# Frame Synchronization

Now we have the sync word, we can do the frame synchronization. I will use a correlation system to find the most probably location for the sync word. For that I will basically sum the difference of each XOR (UW[n] ^ data[i+n]) to a variable. The position that has the highest value (a.k.a. highest correlation) is where our word is most probably.

``````typedef struct {
uint32_t uw0mc;
uint32_t uw0p;
uint32_t uw2mc;
uint32_t uw2p;
} correlation_t ;

const uint64_t UW0 = 0xfca2b63db00d9794; // 0 degrees inverted phase shift
const uint64_t UW2 = 0x035d49c24ff2686b; // 180 degrees inverted phase shift

uint8_t UW0b; // The Encoded UW0
uint8_t UW2b; // The Encoded UW2

void initUW() {
printf("Converting Sync Words to Soft Data\n");
for (int i = 0; i < 64; i++) {
UW0b[i] = (UW0 >> (64-i-1)) & 1 ? 0xFF : 0x00;
UW2b[i] = (UW2 >> (64-i-1)) & 1 ? 0xFF : 0x00;
}
}

uint32_t hardCorrelate(uint8_t dataByte, uint8_t wordByte) {
//1 if (a        > 127 and       b == 255) or (a        < 127 and       b == 0) else 0
return (dataByte >= 127 & wordByte == 0) | (dataByte < 127 & wordByte == 255);
}

void resetCorrelation(correlation_t * corr) {
memset(corr, 0x00, sizeof(correlation_t));
}

void checkCorrelation(uint8_t *buffer, int buffLength, correlation_t *corr) {
resetCorrelation(corr);
for (int i = 0; i < buffLength - 64; i++) {
uint32_t uw0c = 0;
uint32_t uw2c = 0;

for (int k = 0; k < 64; k++) {
uw0c += hardCorrelate(buffer[i+k], UW0b[k]);
uw2c += hardCorrelate(buffer[i+k], UW2b[k]);
}

corr->uw0p = uw0c > corr->uw0mc ? i : corr->uw0p;
corr->uw2p = uw2c > corr->uw2mc ? i : corr->uw2p;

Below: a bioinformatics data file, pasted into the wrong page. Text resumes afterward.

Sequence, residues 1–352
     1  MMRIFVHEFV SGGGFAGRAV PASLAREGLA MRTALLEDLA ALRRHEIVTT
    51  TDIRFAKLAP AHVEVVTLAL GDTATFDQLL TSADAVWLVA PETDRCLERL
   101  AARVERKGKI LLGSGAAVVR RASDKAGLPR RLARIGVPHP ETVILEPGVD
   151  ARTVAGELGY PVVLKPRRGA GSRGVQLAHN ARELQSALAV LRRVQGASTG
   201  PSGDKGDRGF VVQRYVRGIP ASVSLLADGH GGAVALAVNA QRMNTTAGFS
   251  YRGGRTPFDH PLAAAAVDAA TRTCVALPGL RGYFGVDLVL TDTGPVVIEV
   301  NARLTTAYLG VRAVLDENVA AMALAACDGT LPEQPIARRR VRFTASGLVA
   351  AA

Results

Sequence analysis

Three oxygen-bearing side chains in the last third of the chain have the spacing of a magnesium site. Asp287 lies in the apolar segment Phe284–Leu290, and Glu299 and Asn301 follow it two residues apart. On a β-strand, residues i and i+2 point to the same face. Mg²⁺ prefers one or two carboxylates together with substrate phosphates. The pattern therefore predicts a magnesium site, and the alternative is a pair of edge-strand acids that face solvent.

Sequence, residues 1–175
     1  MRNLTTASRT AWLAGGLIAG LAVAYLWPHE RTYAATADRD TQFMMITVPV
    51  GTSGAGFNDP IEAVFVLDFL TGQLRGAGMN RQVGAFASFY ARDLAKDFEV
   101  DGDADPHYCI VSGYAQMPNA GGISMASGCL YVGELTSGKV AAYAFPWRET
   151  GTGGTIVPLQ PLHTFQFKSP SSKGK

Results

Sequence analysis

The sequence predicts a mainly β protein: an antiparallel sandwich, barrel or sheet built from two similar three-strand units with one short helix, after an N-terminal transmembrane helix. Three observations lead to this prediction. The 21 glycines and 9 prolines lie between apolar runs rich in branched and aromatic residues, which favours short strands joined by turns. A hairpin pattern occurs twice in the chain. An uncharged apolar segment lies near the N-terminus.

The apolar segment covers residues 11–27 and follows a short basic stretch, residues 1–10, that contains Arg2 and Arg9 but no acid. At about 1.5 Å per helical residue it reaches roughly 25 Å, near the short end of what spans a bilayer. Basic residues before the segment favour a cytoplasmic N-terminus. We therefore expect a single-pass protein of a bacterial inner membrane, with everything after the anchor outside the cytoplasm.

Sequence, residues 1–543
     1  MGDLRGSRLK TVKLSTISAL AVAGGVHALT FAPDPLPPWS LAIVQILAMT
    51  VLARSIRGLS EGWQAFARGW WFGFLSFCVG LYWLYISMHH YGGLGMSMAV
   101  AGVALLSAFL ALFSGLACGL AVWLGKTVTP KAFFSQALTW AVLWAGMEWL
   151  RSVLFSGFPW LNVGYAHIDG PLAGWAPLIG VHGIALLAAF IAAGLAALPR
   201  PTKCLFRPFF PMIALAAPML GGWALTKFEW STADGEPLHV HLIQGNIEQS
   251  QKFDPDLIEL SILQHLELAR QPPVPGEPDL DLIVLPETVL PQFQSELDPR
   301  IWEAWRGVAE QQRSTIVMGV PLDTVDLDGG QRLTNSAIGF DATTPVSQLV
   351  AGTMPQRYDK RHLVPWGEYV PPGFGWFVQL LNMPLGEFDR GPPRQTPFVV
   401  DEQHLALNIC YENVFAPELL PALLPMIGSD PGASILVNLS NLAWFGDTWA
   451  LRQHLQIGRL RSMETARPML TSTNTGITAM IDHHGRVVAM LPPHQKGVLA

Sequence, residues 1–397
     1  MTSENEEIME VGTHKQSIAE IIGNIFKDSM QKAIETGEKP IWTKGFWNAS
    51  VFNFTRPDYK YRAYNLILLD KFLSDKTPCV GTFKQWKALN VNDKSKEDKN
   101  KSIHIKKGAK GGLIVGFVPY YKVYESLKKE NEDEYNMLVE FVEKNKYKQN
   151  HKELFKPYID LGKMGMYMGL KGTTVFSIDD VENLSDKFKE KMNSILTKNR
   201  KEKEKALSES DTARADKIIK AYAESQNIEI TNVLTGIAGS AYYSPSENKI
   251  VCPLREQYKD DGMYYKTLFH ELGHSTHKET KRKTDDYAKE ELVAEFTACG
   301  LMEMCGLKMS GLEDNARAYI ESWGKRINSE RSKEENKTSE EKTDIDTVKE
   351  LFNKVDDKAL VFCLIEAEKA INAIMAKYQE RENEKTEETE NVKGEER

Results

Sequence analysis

corr->uw0mc = uw0c > corr->uw0mc ? uw0c : corr->uw0mc;
corr->uw2mc = uw2c > corr->uw2mc ? uw2c : corr->uw2mc;
}
}
``````

With this piece of code, you can run checkCorrelation(buffer, length, corr) and get the correlation statistics. In the corr

object you will have the fields uw0p and uw2p with the positions of the highest correlation of the buffer and in uw0mc and uw2mc you will have the correlation of that position. With this two values you can know the position that your sync word is, and what is the phase shift that the Costas Loop locked into (if uw0 is 0 degrees, if uw2 is 180 degrees). To correct the data if the output is 180 degrees phase shifted, just invert every bit in your sequence. I do that by XOR’ing every byte with 0xFF. Now if you output this to a file and inspect with BitDisplay you will see a pattern like this: See that the syncword is pretty clear in the bit display? You can use that to visually identify sync words or static data inside the frames. You can also notice that there are even more static data in the frames. We will talk about it later. Now our data is ready to decode.